Judge Turpin is the most despicable person in this musical, wrongfully imprisoning Benjamin Barker, raping his wife, and caging up his daughter like a bird. Of course, the film’s titular character isn’t exactly a saint either. In this chilling scene, both men come together and sing about their monstrous plans. Unaware that Sweeney Todd is Barker, Turpin dreams of forcing Johanna into marriage. All the while, Todd prepares to slit his enemy’s throat. As dark as the subject matter is, the song is hauntingly calm and even soothing. As Todd’s razor grows closer to Turpin’s neck, though, the melody becomes more and more heart pounding until we reach the final curtain.



#5: “Feed Me (Git It)”

“Little Shop of Horrors” (1986)




A truly great villain can corrupt even the most innocent souls. The kindly Seymour Krelborn is taken aback upon realizing his plant, Audrey II, can talk. With a deep booming voice, Audrey II demands blood and lots of it. Through a rockin’ villain song, the plant motivates Seymour to feed him by killing people. Although the promises of fame, fortune, and love tempt Seymour, he still has reservations about committing murder… that is until he sets his eyes on a cocky dentist. While Seymour continues to feed the plant, he eventually sees Audrey II for what he really is during the Oscar-nominated number “Mean Green Mother from Outer Space.”



#4: “The Last Midnight”
“Into the Woods” (2014)


This adaptation of Stephen Sondheim and James Lapine’s classic musical interprets various fairytale characters from a unique perspective. While Meryl Streep’s Witch is essentially your basic antagonist, the other characters aren’t necessarily good or bad. As the Witch puts it, they’re just “nice.” Everyone here makes mistakes, amounting to happy endings that aren’t all that happy. Rather than taking responsibility for their own actions, however, they blame the Witch – who arguably did start the chain of events. This sets the stage for a rousing number where the Witch decides to embrace her wicked side. As the ultimate mic drop, she places a curse on our supposed heroes before disappearing underground.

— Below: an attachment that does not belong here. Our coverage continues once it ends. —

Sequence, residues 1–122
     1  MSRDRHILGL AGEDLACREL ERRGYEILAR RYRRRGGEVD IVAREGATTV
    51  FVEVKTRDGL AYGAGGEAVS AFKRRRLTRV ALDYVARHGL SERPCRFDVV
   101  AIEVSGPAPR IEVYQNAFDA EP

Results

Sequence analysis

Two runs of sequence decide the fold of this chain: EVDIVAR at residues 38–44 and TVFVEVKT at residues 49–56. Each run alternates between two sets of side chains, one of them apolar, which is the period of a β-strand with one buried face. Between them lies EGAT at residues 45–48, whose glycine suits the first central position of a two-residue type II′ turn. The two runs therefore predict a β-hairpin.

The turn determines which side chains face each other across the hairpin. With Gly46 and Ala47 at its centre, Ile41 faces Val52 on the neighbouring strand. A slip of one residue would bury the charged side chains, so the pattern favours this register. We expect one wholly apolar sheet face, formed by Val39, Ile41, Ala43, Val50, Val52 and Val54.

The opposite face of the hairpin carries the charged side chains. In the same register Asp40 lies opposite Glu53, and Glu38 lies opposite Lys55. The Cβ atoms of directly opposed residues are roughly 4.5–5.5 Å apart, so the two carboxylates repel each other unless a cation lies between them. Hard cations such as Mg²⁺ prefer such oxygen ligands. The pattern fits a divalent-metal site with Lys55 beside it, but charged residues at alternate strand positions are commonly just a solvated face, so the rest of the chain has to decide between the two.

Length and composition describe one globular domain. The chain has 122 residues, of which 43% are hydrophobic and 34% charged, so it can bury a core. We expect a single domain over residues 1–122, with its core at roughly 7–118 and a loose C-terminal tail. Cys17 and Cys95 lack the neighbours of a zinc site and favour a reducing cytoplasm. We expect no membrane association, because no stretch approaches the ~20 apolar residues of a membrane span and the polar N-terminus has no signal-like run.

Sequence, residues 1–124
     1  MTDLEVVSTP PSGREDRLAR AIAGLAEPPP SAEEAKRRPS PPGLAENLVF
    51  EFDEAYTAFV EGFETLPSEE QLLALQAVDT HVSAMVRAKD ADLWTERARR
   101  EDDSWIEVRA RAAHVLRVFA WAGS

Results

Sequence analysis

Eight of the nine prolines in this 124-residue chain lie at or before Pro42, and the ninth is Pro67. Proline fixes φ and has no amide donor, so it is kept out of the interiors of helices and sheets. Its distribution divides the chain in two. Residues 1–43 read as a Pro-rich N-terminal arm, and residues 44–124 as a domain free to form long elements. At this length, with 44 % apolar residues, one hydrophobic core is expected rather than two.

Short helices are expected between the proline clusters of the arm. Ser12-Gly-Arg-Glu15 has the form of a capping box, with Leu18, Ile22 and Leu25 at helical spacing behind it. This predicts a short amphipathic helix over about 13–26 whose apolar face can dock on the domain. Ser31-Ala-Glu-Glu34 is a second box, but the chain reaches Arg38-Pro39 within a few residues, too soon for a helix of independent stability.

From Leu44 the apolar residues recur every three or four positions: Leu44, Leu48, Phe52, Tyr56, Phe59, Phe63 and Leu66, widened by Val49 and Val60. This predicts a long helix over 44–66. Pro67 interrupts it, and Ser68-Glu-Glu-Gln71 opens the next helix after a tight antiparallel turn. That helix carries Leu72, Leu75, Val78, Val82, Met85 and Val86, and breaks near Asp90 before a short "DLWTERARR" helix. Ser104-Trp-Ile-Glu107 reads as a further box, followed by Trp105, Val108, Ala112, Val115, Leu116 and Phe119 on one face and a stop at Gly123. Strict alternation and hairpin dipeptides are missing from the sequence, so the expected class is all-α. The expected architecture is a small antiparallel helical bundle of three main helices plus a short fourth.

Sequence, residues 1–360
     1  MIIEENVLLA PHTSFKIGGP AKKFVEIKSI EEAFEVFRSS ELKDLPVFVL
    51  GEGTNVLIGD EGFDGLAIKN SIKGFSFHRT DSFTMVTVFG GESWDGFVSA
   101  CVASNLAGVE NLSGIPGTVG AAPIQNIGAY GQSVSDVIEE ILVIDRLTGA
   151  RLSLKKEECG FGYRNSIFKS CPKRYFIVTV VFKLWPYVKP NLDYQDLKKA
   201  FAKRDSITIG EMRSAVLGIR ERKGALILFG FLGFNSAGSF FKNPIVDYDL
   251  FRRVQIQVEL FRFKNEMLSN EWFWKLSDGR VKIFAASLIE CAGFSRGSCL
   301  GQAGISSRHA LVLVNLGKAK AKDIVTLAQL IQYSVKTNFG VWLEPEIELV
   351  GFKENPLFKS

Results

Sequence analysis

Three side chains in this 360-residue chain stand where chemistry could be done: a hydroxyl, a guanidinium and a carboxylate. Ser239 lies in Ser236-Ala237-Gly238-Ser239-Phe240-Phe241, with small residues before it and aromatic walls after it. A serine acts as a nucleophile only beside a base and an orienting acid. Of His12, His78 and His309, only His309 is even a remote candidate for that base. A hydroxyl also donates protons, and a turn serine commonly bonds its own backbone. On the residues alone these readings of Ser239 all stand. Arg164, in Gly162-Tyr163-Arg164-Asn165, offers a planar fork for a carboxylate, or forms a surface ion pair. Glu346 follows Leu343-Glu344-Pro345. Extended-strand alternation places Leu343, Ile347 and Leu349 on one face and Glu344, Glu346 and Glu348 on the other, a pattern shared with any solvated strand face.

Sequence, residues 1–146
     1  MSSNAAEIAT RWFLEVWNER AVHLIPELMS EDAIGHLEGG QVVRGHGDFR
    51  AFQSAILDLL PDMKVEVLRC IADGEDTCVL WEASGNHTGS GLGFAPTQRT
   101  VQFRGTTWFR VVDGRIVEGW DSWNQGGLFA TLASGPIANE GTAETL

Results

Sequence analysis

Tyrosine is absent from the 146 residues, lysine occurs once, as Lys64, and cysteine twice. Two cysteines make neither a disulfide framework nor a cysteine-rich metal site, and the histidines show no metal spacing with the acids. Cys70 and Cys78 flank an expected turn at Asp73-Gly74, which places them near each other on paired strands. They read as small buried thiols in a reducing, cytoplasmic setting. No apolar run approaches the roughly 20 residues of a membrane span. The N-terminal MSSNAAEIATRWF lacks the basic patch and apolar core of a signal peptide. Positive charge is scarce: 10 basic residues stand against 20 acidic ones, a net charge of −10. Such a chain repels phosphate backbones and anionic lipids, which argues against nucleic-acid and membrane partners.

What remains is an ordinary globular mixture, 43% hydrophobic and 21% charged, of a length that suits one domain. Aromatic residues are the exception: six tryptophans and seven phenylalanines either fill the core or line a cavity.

#3: “Magic Dance”

“Labyrinth” (1986)


The audience is supposed to root against the bad guy, but that proves exceedingly difficult when a villain is this much fun. It’s impossible not to like Jareth, the Goblin King, played by the invaluable David Bowie. In addition to starring, Bowie wrote and recorded multiple original songs for “Labyrinth.” The standout is easily the show-stopping “Magic Dance.” As little baby Toby breaks out in tears, Jareth and his minions perform a number that’s guaranteed to put a smile on anyone’s face. Toe-tapping, energetic, and of course magical, we could dance all night to this song.



#2: “Sweet Transvestite”

“The Rocky Horror Picture Show” (1975)




Dr. Frank N. Furter is another villain that the audience can’t help but love. In this uproarious number, we’re introduced to the sweet transvestite from Transsexual, Transylvania. Like the rest of the film, the song is bizarre, random, and overflowing with uncomfortable sexual tension. If you’re in the mood for something totally off-the-wall, however, you’re bound to have a good time. What’s more, Tim Curry kills it with this scene, lighting up the silver screen with his charisma, comedic timing, and unusual brand of sexuality. Whenever an audience watches “The Rocky Horror Picture Show,” they always await this song with great antici…pation.




Before we get to our top pick, here are a few honorable mentions:



“Every Little Piece”

“Pete’s Dragon” (1977)




“Slick (Patel’s Song)”
“Scott Pilgrim vs. the World” (2010)





“Professional Pirate”
“Muppet Treasure Island” (1996)





#1: “I Put a Spell on You”
“Hocus Pocus” (1993)




Curses and music go hand in hand for the Sanderson sisters. To allure Salem’s little children, Sarah Sanderson sings a hypnotic tune with the essence of a lullaby. Of course, the most enchanting musical number in the movie has got to be the witches’ rendition of “I Put a Spell on You.” Winifred, Mary, and Sarah put an upbeat spin on this rock and roll classic. With Bette Midler providing lead vocals, the sisters cast a spell on the adults of Salem, not to mention the home viewing audience! If you want people to dance until they die, we can’t think of a catchier tune to expire to.
Comments

Sign in to access this feature

Related Blogs